On each attempt there is only one weapon to choose, and it is impossible to change it. And there is a lot to choose from. We have 8 different guns at our disposal, the use of each makes us apply a different tactic. Among them are the familiar flamethrower, shotgun, submachine gun and turret, and some exotic guns, there are no names and I do not describe their actions, it's better just to try it yourself.
To be honest, I only learned how to use three guns effectively, and I couldn't reach a thousand of them. And therein lies the main draw of this game, which caused me to get stuck in it for a couple of days. The tutorial gave me a handful of enemies that are quickly dispersed, and the visual style made the game feel casual.
I started the game wondering what else I'd play once I'd shot all the creeps here. At first a couple of monsters slowly crawled out from behind the screen, which regardless of size die from a single hit, which further relaxed me. But here they came more, some are no longer weaving, but naturally running, but I still easily shoot them. However, one little bugger escaped my gaze and caught up with me. And then it turned out that Huhya also dies from a single blow. I, properly armed with attention and reaction, went to win. And ready for the increasing number of enemies, I was apt to kill one by one. But I wasn't ready for the hell that followed. At some point the number of staying creatures began to exceed the number of being killed, and soon the entire screen was swarming with the brown mass that was already closing around me. Eventually, some creature got Hooha. I had 450 points on the meter. I hadn't even reached half of the required number.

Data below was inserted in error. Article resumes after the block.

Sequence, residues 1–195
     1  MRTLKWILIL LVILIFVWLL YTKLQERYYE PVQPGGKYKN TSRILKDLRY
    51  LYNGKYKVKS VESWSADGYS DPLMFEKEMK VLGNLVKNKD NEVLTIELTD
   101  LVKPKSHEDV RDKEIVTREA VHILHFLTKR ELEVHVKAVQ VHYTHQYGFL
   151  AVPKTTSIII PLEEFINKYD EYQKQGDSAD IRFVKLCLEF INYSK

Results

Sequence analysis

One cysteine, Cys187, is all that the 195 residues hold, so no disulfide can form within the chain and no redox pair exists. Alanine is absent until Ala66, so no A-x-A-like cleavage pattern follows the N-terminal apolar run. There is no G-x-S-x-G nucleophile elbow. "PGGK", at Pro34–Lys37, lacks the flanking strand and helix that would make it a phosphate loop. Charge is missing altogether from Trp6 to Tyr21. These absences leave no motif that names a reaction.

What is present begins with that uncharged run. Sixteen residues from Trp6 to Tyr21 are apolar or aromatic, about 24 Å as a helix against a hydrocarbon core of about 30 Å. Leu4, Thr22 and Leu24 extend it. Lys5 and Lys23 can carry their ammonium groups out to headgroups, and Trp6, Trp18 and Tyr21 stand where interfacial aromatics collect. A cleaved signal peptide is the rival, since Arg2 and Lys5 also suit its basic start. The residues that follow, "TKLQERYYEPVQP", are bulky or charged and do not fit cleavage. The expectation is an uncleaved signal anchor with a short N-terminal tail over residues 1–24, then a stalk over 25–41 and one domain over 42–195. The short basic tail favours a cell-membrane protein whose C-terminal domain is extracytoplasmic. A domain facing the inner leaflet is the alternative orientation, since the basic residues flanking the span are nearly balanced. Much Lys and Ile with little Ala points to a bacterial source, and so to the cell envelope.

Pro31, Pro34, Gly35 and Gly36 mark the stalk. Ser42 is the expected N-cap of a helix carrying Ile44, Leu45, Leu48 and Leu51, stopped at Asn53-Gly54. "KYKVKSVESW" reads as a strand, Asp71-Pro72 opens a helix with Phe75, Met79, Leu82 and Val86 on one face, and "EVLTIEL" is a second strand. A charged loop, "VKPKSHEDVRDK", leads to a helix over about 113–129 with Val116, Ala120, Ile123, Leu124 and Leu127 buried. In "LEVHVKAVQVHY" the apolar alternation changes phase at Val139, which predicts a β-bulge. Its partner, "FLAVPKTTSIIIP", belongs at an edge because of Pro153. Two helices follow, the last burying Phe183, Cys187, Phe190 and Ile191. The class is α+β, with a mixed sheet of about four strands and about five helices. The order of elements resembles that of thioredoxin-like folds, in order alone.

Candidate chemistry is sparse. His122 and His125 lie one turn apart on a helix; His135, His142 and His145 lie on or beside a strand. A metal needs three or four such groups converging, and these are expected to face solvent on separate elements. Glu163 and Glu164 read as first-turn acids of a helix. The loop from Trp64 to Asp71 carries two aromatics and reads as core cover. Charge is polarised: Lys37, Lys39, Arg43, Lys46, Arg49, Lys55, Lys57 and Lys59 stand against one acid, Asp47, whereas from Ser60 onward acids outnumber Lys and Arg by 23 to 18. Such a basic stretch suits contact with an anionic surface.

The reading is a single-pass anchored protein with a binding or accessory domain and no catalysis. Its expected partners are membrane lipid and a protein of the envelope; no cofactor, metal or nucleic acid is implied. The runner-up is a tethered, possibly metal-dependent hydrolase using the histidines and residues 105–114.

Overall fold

Everything flipped in my head. The game greets you kindly, showing you with its appearance how simple it is, and then kicks you in the face, throwing you to the floor, and starts kicking you in the legs. That's exactly how I felt - trampled. But I decided to take up the challenge and still beat her. Took me two days. As I said, I still can't finish the game, but during the game I experienced the whole range of emotions, from joy of a broken record to complete despair.
I was left alone, but still decided not to stop there and started making a second part.
Lots of good ideas, VERY long hours of framing and programming, a little over a year of work... petered out into another failure. I followed the little things so closely that I lost the ability to evaluate the big picture. The game came out unbalanced, too boring and uninteresting. But at least the survival mode (and only after unlocking all kinds of weapons) turned out to be good. However, it did not pull the game out. Understanding the need for testers, who will evaluate the project with fresh eyes and advise me what would be better to fix and rework, came at a high cost.
"Huhya. Serious Problems" is an improved first part. The overhead view has changed to isometric, the goal of the game has also changed. We now appear in the hub after going through the tutorial, with a hammer in hand. We have eight walkthroughs, any of which you can go to.
Behind each passage there is a unique location with its own enemies (all this company is depicted on the cover of the game), a boss at the end and a reward in the form of weapons. Also in all locations are familiar monsters from the first part.
Weapons are pumped up in the process of killing enemies, dealing more damage and changing the effect of the shot visually depending on the gun. The hammer has an interesting feature - after each killed monster, there is a charge in it, that can be released in the form of killing balls flying in different directions, their number depends on the number of kills in a row.
After we pass all the levels, a new aisle opens, where we are attacked by hordes of monsters and even bosses from all passed levels. Here is the level where the game becomes as it should be - the increased dynamics and variety of enemies in one place surprised me so much that I passed the entire location in one breath. And at the end there's a final boss that stands out strongly from the previous ones with its multiple stages and slightly higher difficulty.